FMJ spoke to committee members Sharon Slinger and Colin Kimber of the LGBT+ in FM network which brings together a group of individuals from organisations within the FM sector to foster inclusiveness and respect within FM
It’s been estimated that around 10 per cent of the UK workforce work in facilities management across a multitude of sectors. This equates to over 200,000 LGBT+ (Lesbian, Gay, Bisexual, Transgender, +) people working in FM. Enabling people to be their authentic self at work is something which corporate Diversity and Inclusion (D&I) programmes aim to achieve, but for LGBT+ people working within FM there is the additional challenge of often working within clients’ places of work, far from their employer’s D&I agenda, which can lead to stress and feelings of isolation.
To help address this, the LGBT+ in FM network was founded in 2016 to engage stakeholders in driving fairness, inclusion and respect for LGBT+ people working in the facilities industry. Its mission is to collaborate to make the facilities management sector the most attractive, inclusive and supportive industry for the LGBT+ community in the UK and Ireland.
Explains Founder Sharon Slinger, Director, Constructing Rainbows: “In 2016 I was Co-chair of Carillion’s LGBT network and seeing how well inter-company networks performed in other industries I did a bit of Facebook and LinkedIn stalking to see who the chairs’ were from the other networks. I knew Mitie had set one up and Sodexo the year before, so I managed to get hold of a few people and it started from there.
“The intention was to share best practice, because I don’t believe in working in siloes, but also as we grew we realised there were smaller organisations that didn’t have their own networks where LGBT+ people within them might want that supportive network, so we broadened our remit across industry.”
Adds committee member, Colin Kimber, Associate Director at Pareto Facilities Management: “It was about supporting people who worked in our industry across the board, giving them a place that they could meet, ask questions and get support. But we also recognised that we could be a source of guidance and best practice for organisations that were just starting their journey. By being a voice for the community, I think we’re starting to influence companies to publicise what they are doing to make sure this is on the agenda and it is something people get told about in induction, which is a good beginning.”
FRONT LINE REACH
According to Slinger reaching front line staff has been high up on the agenda since day one. “We didn’t want the network to be just for office workers, because the majority of industry are front line staff. We’ve found that a lot of larger firms still struggle to reach the front-line staff internally so as an external organisation we try to be there if people want to come to us.”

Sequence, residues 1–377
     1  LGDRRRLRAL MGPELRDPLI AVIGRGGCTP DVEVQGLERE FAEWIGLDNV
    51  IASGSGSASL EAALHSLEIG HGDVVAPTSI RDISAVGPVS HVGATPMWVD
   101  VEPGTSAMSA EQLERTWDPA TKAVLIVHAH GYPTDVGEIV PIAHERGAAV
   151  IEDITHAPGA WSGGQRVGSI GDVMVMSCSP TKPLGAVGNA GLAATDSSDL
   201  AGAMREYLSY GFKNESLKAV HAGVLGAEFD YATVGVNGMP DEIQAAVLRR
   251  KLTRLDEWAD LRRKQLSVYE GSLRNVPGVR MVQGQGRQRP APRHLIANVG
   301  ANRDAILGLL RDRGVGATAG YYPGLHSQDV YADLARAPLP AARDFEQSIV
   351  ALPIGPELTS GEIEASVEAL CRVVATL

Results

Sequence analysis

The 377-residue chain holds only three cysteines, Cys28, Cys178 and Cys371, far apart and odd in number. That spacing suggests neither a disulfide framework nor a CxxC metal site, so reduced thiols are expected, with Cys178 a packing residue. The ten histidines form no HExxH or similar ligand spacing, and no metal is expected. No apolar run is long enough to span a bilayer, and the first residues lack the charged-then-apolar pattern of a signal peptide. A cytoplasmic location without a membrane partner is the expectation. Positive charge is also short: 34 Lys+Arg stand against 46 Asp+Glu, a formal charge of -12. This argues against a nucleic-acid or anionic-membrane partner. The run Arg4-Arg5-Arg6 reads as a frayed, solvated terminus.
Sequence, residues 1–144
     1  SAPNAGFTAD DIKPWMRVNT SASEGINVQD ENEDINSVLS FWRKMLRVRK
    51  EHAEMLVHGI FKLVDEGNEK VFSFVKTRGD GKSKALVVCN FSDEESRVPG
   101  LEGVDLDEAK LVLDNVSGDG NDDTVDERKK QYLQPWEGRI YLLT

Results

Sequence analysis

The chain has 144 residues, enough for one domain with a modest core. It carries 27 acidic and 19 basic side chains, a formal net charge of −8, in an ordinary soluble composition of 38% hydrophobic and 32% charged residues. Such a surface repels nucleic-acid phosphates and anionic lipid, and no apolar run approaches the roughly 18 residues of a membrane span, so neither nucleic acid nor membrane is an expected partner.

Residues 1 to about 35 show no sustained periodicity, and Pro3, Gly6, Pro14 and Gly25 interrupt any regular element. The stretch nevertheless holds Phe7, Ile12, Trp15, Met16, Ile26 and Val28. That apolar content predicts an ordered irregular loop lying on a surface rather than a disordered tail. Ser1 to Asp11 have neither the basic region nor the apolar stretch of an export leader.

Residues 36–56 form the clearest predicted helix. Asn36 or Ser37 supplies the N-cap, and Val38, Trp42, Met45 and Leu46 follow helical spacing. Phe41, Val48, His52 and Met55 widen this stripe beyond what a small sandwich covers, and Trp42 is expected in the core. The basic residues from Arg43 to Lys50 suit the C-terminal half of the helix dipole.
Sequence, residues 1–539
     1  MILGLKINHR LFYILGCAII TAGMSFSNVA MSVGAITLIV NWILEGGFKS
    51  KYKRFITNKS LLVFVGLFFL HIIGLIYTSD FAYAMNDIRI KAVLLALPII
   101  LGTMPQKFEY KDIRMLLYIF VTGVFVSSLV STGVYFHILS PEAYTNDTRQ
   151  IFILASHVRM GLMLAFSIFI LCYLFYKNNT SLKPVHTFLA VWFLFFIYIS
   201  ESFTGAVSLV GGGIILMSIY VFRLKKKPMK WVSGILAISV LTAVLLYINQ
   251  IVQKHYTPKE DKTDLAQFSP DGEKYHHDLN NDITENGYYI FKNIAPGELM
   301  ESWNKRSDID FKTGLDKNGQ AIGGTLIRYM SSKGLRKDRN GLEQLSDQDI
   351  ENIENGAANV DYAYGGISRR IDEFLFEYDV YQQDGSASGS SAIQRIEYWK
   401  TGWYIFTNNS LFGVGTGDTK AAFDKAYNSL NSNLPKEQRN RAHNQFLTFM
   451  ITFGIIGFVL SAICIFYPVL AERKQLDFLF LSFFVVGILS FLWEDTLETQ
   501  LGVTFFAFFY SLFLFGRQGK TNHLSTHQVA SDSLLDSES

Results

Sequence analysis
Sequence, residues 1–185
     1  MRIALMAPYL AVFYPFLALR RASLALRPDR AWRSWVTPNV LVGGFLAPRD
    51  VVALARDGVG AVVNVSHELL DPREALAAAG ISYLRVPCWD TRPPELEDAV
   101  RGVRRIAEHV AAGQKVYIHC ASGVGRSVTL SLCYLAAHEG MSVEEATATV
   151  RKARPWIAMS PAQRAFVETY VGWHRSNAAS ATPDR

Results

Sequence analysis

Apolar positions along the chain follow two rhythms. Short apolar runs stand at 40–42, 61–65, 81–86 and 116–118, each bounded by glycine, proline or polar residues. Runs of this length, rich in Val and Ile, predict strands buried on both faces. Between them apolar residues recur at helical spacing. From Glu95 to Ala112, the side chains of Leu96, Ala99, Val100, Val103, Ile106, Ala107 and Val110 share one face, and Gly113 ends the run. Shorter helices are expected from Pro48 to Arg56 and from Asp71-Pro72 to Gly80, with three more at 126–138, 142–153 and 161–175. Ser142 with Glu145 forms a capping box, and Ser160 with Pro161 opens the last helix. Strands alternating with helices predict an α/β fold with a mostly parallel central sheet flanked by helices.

Getting that message across remains a challenge. “FMs often find themselves working for the client organisation, and there’s an important part to play that their employees know if they’ve any issues with discrimination they’ll stand by them and sometimes that is not emphasised enough. You are in someone else’s work culture and it comes down to client values and working together to make sure the culture has synergies between both organisations.”
One of the other areas the LGBT network is exploring is the client and procurement process. The idea is that if clients highlight more of what they require when it comes to diversity and inclusion, the supply chain will act on it to win the business.
However, it seems the FM sector still lags behind other sectors in achieving diversity.
Says Slinger: “I came across from construction where they are trying really hard. Yet FM has an easier starting point because there is already that diversity in FM but there are not enough strategies on improving on that. It accounts for a large part of this country’s workforce and impacts on a lot of people, and that’s frustrating.”
Institutes such as the IWFM says Kimber are, “well-intentioned but not fast moving”. He argues that organisations need to stop seeing D&I as a massive challenge.
“You don’t have to fix the world, you just need to be open enough for the conversations to happen. And you don’t have to have all the answers, just be prepared to listen.”
Unsurprisingly then, one of the network’s key aims is to improve the understanding of the LGBT+ community within the FM industry.
“That is the education piece”, explains Slinger, “and part of that is working in a client’s workplace and ensuring the culture is right there. We’re here to support and coach members to thrive and grow, and we know that lockdown has impacted the LGBT+ community a lot, so what we have done is set up coffee and chat sessions for people to come on Zoom and chat. They’re the supportive events and we’ve also got informative one’s for instance during the recent LGBT history month.”
SPREADING THE MESSAGE
When you look at attracting people into the FM profession, research has shown that the younger generation want to work for organisations that are inclusive, a message that the network is keen to share with organisations struggling with their D&I remit.
Explains Slinger: “Younger people want to work for organisations that look after their people and if companies don’t do that they’ll lose staff. What FM needs to do is bring people up through the ranks, and includes spotting talent on the front line. If we can get a clearer visible way of supporting people up from the ranks you’d get that diversity throughout the sector, because when you look at front line staff it’s way more diverse than management and there are some talented people who could be your next MDs.”
As the pandemic hopefully draws to a close, the network will look to organise face-to-face gatherings once again, with the plan being to encourage some of the big-name FM brands to sponsor events.
For more information: www.lgbt-in-fm.network